Stand-Alone ERP: Advantages and Disadvantages
Stand-alone ERP vs a modular system is one of many choices to make when selecting software for your enterprise. For many, there isn’t a wrong choice but it is important to understand the differences as this could affect your choice, even if only due to a personal preference.
A typical stand-alone ERP will include all the components you expect in a single package. These components roughly correspond to the functional parts of an organization. Finance, sales, engineering, production, distribution, and quality control are some functional departments and all are represented in ERP systems.
Cloud ERP = Stand-Alone ERP
One of the most common delivery systems for an ERP today is through the cloud. These are provided by suppliers using software and databases hosted and maintained by the supplier. Nearly all of the cloud ERP systems are stand-alone so this one factor might make your decision for you.
Stand-Alone ERP Minimizes Data Redundancy
Stand-alone ERPs will also minimize any data redundancy. Any data element used by different departments will be kept in a single table accessed by all.
User Experience is Consistent
The look and feel of a stand-alone ERP will also be consistent throughout. The appearance of a query screen in sales will be familiar to a buyer using a query screen in purchasing.
Security Controls are Centralized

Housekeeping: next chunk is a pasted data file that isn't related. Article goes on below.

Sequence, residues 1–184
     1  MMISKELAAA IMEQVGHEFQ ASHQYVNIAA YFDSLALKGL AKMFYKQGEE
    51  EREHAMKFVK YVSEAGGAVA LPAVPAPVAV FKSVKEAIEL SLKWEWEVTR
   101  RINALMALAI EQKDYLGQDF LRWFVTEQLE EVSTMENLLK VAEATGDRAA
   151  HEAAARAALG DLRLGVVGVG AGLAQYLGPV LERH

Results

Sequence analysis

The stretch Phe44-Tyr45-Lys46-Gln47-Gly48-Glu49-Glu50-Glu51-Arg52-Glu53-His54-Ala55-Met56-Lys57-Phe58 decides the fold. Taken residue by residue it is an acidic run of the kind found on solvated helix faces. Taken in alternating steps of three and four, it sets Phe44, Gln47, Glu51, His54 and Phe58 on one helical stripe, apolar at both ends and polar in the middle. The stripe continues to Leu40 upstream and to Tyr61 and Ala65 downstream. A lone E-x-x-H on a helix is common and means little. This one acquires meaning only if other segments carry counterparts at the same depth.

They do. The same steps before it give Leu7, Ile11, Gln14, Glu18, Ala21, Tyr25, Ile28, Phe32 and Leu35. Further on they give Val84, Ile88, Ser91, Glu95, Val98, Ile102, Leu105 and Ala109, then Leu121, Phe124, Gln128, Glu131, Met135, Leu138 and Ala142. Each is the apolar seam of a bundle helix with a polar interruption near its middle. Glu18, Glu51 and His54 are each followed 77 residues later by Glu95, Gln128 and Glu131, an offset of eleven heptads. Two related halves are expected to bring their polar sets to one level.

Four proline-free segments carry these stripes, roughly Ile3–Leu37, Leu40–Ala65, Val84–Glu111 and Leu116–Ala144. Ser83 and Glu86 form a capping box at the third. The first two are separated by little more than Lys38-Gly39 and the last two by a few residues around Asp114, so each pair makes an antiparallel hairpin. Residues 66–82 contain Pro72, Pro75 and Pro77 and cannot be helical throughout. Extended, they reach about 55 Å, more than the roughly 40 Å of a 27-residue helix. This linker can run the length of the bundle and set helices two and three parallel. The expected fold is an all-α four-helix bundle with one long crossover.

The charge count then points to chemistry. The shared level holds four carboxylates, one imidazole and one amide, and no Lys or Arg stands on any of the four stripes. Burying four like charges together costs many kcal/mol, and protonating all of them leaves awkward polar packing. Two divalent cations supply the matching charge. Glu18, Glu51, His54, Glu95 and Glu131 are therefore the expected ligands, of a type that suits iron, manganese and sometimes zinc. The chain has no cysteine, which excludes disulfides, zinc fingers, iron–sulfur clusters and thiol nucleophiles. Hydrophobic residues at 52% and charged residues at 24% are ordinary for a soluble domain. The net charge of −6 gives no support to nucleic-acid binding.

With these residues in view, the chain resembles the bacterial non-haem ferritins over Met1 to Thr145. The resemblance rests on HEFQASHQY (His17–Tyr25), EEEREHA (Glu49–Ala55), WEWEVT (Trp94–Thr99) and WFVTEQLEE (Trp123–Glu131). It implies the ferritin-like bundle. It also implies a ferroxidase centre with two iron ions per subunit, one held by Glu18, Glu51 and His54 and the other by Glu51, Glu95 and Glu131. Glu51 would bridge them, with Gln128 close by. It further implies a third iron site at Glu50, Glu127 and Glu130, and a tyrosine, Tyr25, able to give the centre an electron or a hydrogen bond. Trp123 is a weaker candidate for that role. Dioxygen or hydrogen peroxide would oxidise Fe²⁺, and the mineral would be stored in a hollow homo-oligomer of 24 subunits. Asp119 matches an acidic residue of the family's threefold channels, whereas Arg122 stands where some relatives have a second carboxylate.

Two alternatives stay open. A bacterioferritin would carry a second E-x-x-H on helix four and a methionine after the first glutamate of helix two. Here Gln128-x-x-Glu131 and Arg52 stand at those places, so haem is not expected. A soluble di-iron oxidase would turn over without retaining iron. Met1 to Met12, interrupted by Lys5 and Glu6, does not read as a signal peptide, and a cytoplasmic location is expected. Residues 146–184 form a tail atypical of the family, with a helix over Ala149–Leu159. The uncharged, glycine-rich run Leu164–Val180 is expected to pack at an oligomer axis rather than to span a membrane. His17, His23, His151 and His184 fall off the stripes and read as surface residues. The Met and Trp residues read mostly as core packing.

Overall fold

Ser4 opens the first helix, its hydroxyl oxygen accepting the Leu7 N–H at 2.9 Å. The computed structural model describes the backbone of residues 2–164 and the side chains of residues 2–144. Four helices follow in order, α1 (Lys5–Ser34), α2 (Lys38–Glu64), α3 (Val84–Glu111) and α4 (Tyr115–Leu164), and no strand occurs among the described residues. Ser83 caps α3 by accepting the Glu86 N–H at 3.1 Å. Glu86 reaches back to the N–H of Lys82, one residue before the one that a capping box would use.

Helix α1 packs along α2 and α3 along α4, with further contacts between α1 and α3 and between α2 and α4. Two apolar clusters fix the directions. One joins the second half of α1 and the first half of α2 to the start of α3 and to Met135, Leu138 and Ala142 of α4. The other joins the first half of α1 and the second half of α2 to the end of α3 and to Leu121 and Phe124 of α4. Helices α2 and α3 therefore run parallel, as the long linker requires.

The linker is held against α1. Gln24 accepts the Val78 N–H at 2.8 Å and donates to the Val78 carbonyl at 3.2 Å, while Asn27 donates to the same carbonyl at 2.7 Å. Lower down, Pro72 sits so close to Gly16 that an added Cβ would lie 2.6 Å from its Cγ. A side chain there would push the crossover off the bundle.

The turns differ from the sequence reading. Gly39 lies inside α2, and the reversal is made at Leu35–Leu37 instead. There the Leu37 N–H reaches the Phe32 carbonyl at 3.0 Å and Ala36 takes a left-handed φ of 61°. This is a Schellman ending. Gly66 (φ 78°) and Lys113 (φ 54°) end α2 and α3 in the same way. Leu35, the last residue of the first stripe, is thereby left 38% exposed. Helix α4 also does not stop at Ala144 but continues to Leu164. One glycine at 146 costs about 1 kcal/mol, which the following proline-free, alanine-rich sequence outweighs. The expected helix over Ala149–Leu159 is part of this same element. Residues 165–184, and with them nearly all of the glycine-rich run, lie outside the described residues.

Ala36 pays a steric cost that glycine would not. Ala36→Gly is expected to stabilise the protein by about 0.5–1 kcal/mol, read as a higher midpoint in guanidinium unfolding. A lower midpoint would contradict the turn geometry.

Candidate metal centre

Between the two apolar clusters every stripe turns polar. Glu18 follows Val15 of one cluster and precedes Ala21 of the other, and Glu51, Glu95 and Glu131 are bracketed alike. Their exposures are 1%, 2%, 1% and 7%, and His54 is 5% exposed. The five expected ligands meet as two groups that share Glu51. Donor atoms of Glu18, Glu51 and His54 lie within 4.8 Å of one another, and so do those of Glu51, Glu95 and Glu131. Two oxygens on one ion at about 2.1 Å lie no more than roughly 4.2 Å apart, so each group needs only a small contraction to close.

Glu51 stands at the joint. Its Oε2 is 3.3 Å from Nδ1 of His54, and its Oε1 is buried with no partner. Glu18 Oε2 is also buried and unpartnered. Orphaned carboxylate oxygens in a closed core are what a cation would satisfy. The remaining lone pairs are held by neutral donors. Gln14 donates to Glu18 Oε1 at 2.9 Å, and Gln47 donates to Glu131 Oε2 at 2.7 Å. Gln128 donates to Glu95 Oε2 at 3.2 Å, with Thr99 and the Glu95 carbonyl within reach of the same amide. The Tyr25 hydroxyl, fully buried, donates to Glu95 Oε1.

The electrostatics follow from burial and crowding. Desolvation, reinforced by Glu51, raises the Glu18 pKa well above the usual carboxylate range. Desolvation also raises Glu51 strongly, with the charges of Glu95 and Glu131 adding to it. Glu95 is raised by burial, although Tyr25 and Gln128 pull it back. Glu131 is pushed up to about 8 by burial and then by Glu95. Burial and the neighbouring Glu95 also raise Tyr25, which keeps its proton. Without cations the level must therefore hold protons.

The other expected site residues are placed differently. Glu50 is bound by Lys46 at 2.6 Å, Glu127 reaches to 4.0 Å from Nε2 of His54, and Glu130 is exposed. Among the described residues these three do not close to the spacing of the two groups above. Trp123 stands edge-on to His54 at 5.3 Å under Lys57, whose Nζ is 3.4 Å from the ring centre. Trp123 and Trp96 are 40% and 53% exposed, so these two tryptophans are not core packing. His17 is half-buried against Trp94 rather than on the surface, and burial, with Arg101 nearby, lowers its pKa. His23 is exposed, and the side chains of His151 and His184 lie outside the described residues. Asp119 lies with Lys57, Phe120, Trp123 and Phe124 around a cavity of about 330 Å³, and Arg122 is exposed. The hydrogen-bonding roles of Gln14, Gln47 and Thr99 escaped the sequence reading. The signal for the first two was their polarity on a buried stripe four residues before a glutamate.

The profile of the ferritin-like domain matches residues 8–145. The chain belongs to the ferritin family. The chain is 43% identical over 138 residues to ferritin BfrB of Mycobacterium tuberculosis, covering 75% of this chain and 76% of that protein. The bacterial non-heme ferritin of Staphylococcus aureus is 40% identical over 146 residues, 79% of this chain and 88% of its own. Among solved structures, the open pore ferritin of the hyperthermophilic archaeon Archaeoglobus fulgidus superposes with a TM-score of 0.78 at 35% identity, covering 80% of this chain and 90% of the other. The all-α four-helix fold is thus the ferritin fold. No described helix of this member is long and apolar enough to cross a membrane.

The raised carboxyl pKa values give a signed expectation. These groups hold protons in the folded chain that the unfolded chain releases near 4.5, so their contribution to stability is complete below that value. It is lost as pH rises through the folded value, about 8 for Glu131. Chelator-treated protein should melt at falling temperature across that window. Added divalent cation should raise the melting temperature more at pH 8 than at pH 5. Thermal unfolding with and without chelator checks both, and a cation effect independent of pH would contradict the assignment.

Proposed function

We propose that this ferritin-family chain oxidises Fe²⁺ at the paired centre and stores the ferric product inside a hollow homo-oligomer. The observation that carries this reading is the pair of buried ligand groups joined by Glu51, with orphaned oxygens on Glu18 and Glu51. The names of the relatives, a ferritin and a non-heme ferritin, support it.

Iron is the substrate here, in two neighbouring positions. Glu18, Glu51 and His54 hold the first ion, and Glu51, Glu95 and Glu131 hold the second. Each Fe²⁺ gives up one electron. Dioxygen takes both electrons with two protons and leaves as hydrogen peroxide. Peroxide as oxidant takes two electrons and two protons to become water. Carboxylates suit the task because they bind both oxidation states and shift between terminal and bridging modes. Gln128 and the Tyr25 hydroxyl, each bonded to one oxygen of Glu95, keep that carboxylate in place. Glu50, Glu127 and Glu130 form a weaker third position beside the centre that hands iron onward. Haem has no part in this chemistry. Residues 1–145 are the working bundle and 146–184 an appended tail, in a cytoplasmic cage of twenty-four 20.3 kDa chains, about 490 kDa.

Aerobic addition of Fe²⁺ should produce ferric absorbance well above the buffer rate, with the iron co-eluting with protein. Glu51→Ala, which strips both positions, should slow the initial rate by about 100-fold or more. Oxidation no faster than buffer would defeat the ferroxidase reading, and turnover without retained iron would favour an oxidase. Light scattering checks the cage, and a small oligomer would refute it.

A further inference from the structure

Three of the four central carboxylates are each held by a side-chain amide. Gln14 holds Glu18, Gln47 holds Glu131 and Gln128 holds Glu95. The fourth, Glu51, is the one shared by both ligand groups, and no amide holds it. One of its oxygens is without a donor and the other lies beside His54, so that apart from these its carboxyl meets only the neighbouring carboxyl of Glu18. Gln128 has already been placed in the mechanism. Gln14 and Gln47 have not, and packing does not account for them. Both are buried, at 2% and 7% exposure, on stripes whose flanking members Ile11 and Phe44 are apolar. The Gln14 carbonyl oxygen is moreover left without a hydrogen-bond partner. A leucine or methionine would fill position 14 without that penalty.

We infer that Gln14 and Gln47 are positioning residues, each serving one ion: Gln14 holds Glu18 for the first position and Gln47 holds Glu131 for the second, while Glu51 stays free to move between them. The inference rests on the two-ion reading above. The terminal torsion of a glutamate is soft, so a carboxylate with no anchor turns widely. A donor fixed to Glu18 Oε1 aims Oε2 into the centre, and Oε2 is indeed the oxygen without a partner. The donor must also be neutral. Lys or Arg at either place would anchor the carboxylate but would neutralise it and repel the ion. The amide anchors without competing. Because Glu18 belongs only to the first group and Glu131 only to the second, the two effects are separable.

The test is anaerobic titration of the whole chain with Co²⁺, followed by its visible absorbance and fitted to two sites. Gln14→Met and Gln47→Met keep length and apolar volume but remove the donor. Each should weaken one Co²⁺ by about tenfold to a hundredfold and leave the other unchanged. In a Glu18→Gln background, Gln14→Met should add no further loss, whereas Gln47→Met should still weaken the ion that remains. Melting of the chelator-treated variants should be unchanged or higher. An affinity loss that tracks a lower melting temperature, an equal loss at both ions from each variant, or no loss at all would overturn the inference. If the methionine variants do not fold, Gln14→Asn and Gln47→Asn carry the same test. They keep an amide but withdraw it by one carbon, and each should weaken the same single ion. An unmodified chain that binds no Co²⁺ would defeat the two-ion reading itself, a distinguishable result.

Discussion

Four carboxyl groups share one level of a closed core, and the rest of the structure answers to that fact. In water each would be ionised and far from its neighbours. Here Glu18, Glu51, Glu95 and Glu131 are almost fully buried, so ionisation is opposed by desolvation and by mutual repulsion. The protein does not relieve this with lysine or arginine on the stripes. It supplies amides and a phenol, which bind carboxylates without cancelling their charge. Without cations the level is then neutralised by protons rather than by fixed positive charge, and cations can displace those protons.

A stand-alone ERP will often be controlled at headquarters so that access rights and other security controls are managed at all sites and all departments. This is a benefit to many companies, especially to the IT people. Other users might see this a disadvantage as an IT person in another location controls how they are allowed to do their work.
All Integration is Centralized
Integration of third-party (non-ERP) software needs to be considered. Many systems must be integrated centrally even though they are only used in a few remote sites. If support needs to pass from a user with a problem at a remote site through another person at a central site who isn’t familiar with the software, there is a high probability of miscommunication.
Minority Users are Marginalized
A stand-alone ERP might be selected because it meets the needs of most users. At the same time, it might poorly meet the needs of a minority of the same users. Those users might be forced to get the results they need from an inferior ERP (for them). They might develop work-arounds that satisfy some of their needs and that could affect other users.
You can’t satisfy all the people all the time, but understanding the pros and cons of key ERP selection decisions is essential. Be sure you are aware of perceived defects and try to meet the needs of the majority of users.
Featured white papers
Mastering ERP demos in five easy steps
Your guide to using vendor demos to make an informed ERP selection decisionDownload
70 features to look for in your next ERP
A comprehensive guide to help you identify requirements for your ERP selectionDownload
How to sell your ERP project to senior management
Expert advice to help you achieve approval and funding for your ERP projectDownload
The mistake first-time ERP buyers make (and how to avoid it)
Avoid making first timer ERP selection errors with this guide
Two failed ERP selection scenarios… and how to deal with them
This unfortunate event can happen with any ERP selection.
Five top apparel ERP systems for your software shortlist
These are an excellent starting point for anyone looking for a fashion industry ERP